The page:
Clinical Presentation Skin rashes Muscle pains Articular involvement Mononeuritis or polyneuritis Fever Ophthalmic Manifestations Ocular and orbital involvement is seen in 15% of patients at presentation and up to
50% of patients during the course of the disease. Orbital involvement usually secondary from contiguous extension of the granulomatous inflammatory process from the paranasal sinuses into the orbit. Ophthalmic Manifestations Orbital pseudotumor, orbital cellulitis and dacryocystitis may arise from secondarily infected nasal mucosa.
40% of patients develop scleritis of any type (diffuse anterior or necrotizing disease) w/ or w/o peripheral ulcerative keratitis. 10% of patients can develop anterior, intermediate or posterior uveitis. Ophthalmic Manifestations Patients can also develop vaso-occlusive disease, including branch or central retinal artery or vein occlusion. Also there are reports of patients getting
ischemic optic neuropathy. 40% of patients with GPA will suffer some form of vision loss. Diagnosis Tissue biopsy is the gold standard CXR: nodular diffuse or cavitary lesions Proteinuria or hematuria Elevated ESR and CRP + ANCAs (c-ANCA)
Other vasculitis Microscopic polyangiitis Churg-Strauss Polyarteritis Nodosa Pathogenesis Unknown Similar to PAN and serum sickness suggest some form of a hypersensitivity, possibly to an inhaled infectious or environmental agent Presence of granulomas and dramatic
response to immunosuppressive therapy support an immunologic mechanism Treatment Combination of oral corticosteroids and immunomodulatory therapy (IMT), specifically cyclophosphamide, and rituximab Without therapy, the 1 year mortality is 80% With treatment, 93% of patients treated achieve remission with resolution of ocular manifestations
Literature Review Purpose: To determine the efficacy of rituximab for the treatment of Granulomatosis with polyangiitis (GPA) Design: Randomized, double blind, noninferiority trial of rituximab compared to cyclophosphamide for the treatment of GPA. Primary end-point was remission of disease w/o the use of prednisone at 6 months.
Stone JH, Merkel PA, Spiera R, Seo P, Langford CA, Hoffman GS, Kallenberg CG, St Clair EW, Turkiewicz A, Tchao NK, Webber L, Ding L, Sejismundo LP, Mieras K, Weitzenkamp D, Ikle D, Seyfert-Margolis V, Mueller M, Brunetta P, Allen NB, Fervenza FC, Geetha D, Keogh KA, Kissin EY, Monach PA, Peikert T, Stegeman C, Ytterberg SR, Specks U; RAVE-ITN Research Group. Rituximab versus cyclophosphamide for ANCA-associated vasculitis. N Engl J Med. 2010 Jul 15;363(3):221-32. doi: 10.1056/NEJMoa0909905. PubMed PMID: 20647199; PubMed Central PMCID: PMC3137658 Literature Review Results: 67% of rituximab group as compared to 42% of the cyclophosphamide group reached their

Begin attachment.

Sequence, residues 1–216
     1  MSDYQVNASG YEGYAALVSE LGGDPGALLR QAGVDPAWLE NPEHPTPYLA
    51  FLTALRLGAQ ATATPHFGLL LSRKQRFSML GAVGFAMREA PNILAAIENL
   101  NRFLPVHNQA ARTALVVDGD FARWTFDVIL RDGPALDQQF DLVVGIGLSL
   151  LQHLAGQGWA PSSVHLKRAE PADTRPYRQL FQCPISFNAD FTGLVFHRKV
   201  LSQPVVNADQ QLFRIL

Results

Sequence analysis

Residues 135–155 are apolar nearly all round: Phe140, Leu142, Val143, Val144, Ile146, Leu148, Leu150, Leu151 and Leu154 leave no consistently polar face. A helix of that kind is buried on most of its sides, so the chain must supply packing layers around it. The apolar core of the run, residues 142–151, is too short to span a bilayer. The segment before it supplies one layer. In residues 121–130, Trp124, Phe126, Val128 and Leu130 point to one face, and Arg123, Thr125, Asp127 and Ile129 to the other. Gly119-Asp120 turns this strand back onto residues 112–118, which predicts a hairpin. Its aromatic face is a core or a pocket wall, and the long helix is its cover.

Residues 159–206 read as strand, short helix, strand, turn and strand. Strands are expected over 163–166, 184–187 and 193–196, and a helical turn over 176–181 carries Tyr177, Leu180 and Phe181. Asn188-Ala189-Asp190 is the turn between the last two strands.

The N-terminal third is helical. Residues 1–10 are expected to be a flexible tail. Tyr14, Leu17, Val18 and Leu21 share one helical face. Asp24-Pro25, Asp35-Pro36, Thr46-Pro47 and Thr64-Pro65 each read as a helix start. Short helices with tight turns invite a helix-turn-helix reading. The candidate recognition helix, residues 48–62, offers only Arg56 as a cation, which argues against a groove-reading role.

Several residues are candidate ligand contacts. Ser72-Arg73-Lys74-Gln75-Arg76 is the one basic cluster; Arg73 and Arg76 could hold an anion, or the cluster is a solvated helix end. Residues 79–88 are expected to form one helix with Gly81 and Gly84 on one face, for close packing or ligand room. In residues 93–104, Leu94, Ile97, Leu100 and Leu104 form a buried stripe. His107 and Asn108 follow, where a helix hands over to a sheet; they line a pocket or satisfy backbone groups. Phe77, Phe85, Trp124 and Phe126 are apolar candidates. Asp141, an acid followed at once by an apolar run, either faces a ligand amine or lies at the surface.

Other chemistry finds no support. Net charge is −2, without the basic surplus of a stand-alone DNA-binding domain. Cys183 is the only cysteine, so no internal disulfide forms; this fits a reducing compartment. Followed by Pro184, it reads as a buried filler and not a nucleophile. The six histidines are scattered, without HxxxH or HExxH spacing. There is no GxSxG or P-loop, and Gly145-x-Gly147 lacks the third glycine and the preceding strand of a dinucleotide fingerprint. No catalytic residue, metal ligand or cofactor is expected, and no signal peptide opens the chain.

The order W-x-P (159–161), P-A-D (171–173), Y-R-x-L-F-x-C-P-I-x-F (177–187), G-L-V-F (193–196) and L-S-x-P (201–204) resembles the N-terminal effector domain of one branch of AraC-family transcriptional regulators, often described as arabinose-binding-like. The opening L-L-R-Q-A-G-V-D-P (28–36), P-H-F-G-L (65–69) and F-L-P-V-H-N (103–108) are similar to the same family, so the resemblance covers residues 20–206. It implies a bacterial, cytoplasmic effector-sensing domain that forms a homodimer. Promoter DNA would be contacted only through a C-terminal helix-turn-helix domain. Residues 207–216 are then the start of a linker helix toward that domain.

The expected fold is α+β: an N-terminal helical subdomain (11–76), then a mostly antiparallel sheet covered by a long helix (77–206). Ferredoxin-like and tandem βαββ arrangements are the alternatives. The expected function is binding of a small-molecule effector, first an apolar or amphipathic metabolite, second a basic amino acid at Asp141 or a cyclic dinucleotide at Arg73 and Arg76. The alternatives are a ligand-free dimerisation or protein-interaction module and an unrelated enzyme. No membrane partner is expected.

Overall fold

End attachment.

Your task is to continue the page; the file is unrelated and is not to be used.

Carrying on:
primary end point Conclusion: Rituximab therapy was not inferior to daily cyclophosphamide Stone JH, Merkel PA, Spiera R, Seo P, Langford CA, Hoffman GS, Kallenberg CG, St Clair EW, Turkiewicz A, Tchao NK, Webber L, Ding L, Sejismundo LP, Mieras K, Weitzenkamp D, Ikle D, Seyfert-Margolis V, Mueller M, Brunetta P, Allen NB, Fervenza FC, Geetha D, Keogh KA, Kissin EY, Monach PA, Peikert T, Stegeman C, Ytterberg SR, Specks U; RAVE-ITN Research Group. Rituximab versus cyclophosphamide for ANCA-associated vasculitis. N Engl J Med. 2010 Jul 15;363(3):221-32. doi: 10.1056/NEJMoa0909905. PubMed PMID: 20647199; PubMed Central PMCID: PMC3137658 Conclusions
GPA is a triad of: necrotizing granulomatous vasculitis of the upper and lower respiratory tract, focal segmental glomerulonephritis, and necrotizing vasculitis This disease has an 80% mortality without treatment Pathogenesis remains unknown, but likely a mixed b-cell and t-cell dysregulation that is causing this disease References